Peri-Peri brings spicy taste of South Africa to local residents

Part of the interior at Peri-Peri.

By Kelley Carlson

Restaurateur William Sussman has spiced things up on the North County dining scene with the addition of Peri-Peri.

The dining establishment – named after its signature fiery sauce — opened March 1 in the Torrey Highlands Village Center, at 7845 Highland Village Place, Suite C101, in San Diego, 92129.

“We’re looking forward to giving San Diego’s South African community a taste of the traditions they love, whilst introducing these new, vibrant flavors to the local San Diego community and creating a hub of gastronomical goodness for everyone to enjoy,” Sussman said.

Peri-peri is a tradition that dates back hundreds of years. It was introduced to Portuguese explorers by indigenous Africans in Mozambique around the 15th and 16th centuries. Originally referred to as African Bird’s Eye Chili or pili-pili (“pepper-pepper”), the Portuguese – who embraced the ingredient in their cooking — changed the name to peri-peri. Eventually, emigrants from Southern Africa began to share this culinary “secret,” and today, it’s known throughout the world.

Sussman noted that more and more often, Americans are seeking international cuisine.

“The popularity of ethnic restaurants and the variety of concepts for food in San Diego is growing on a daily basis,” Sussman said. “Having been raised in South Africa, I wanted to introduce the flavors of peri-peri to San Diegans without losing the authenticity and traditions that my family and I grew up with.”

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It was while he was still in South Africa when Sussman began learning about the restaurant industry. He helped a friend who needed an extra pair of hands and eyes by performing miscellaneous duties such as hosting and bartending.

“I spent 20 years talking about owning my own restaurant,” Sussman said.

The following 20 years were spent realizing his dream. When Sussman moved to San Diego from South Africa in 1994, he opened Terrific Pacific Brewery & Grill on Grand Avenue in Pacific Beach. Sussman said the microbrewery was the fourth to open in San Diego.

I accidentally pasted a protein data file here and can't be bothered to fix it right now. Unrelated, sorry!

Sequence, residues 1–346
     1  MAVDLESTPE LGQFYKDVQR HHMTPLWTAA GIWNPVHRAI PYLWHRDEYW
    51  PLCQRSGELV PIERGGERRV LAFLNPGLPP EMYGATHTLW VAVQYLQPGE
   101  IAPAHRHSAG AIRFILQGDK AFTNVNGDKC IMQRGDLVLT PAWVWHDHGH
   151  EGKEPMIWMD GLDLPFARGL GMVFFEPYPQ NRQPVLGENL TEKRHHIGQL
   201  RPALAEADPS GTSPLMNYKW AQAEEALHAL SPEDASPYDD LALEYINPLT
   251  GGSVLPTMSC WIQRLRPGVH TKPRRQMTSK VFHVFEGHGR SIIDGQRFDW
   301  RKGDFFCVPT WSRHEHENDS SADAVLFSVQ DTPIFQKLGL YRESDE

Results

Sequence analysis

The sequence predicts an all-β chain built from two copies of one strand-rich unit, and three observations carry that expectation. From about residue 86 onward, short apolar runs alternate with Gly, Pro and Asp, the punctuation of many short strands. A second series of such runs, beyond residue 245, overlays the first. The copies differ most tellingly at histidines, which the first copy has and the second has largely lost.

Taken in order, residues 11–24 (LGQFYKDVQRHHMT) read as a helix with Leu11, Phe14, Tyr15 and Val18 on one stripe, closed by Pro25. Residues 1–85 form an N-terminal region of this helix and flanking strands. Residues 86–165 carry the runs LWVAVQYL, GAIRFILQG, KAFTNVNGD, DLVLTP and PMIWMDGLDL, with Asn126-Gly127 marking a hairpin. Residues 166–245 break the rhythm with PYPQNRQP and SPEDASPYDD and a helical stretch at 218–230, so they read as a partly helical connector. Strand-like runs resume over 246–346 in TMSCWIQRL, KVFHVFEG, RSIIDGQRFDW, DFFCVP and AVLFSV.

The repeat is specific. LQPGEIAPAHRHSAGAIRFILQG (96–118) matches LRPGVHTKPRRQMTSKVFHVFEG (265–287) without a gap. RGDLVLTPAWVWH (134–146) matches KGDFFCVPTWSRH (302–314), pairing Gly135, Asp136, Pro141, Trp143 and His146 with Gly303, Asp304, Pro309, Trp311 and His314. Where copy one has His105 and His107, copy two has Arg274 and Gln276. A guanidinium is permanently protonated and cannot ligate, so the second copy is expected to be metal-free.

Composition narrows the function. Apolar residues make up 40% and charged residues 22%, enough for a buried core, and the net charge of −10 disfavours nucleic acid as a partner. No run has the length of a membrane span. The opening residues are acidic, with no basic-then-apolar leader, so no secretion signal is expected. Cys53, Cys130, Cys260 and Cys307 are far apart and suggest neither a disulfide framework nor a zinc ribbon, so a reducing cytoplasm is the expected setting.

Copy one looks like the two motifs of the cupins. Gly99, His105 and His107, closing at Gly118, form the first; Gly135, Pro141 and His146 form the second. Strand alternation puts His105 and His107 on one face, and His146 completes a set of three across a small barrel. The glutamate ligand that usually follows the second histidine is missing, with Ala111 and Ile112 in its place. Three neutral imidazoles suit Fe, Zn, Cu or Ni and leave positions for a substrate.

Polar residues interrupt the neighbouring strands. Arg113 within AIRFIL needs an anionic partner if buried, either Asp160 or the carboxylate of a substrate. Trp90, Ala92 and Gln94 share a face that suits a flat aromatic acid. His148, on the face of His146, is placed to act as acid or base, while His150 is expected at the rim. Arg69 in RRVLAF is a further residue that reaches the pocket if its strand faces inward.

In 2001, he sold Terrific Pacific and moved on to another venture – Kalahari Café, a fine dining establishment in the Gaslamp District that was cosmopolitan, with a heavy African influence.

However, Sussman parted with Kalahari in 2004 when his wife, Sharon, became critically ill, and he thought he was done with the business.

“It was more important to me to take care of her rather than the restaurant,” he said. “It wasn’t a conscious decision I made to quit the restaurant industry — it was just that I couldn’t see myself getting involved in it again.”

Prawns

In the period that followed, Sussman got a real estate broker’s license and worked in that field. His wife passed away five years ago.

But Sussman was destined to return to restaurants. In December, he received a phone call from a friend, who touted a location for a possible eatery in Torrey Highlands.

“My first reaction was, it’s not going to happen,” Sussman said.

But he relented and decided to take a look at the site anyway. When he saw it was a neighborhood-friendly location in a stable area, “(I thought), this could work,” Sussman said.

“It’s in my blood; it’s what I love to do,” he added.

Subsequently, the 3,000-square-foot space was transformed into Peri-Peri, which includes a full-service dining area, bar and outdoor dining area. Head Chef Kenny Raponi, a graduate from the Culinary Institute of America at Napa, helped Sussman introduce his concept, which includes peri-peri prawns and chicken, as well as traditional South African curry dishes. There are other classic South African entrees, as well, including sosaties (a curried lamb kebab), boerewors (a traditional beef sausage flavored with coriander) and savory cottage pie.

On Wednesdays, Peri-Peri offers bottomless bowls of curry for $25 per person. The two “standards” are Natal Curry, a medium heat beef curry; and Saag Curry, a 100 percent vegan concoction with spinach, chickpeas and beans. In addition, there are three rotating varieties, which range from the creamy Chicken Tikka Masala and the spicy Madras Lamb Curry to the Murgh Badami Curry, a smooth chicken curry cooked entirely in yogurt, and flavored with ginger, coriander and almonds. Sussman ensures there are always vegetable, lamb, beef and chicken curries available.

Peri-Peri’s waiting area.

And “every (curry) is different in character,” he emphasized.

Not only does the food boast a strong South African influence, the wine list does, too. Sussman’s daughter, Megan, a sommelier for over eight years, compiled the selections, which also includes labels from California and other regions.

Brews on tap and bottled beers from regions of Africa are available, as well.

According to Sussman, reservations are strongly recommended on Friday and Saturday evenings, and takeout is available.

Dinner is served daily; lunch is offered Tuesday through Sunday.

For more information, go to www.periperisd.com; check the website or call (858) 538-2282 for current restaurant hours.

Note: Business spotlights are developed through this newspaper’s advertising department in support of our advertisers.


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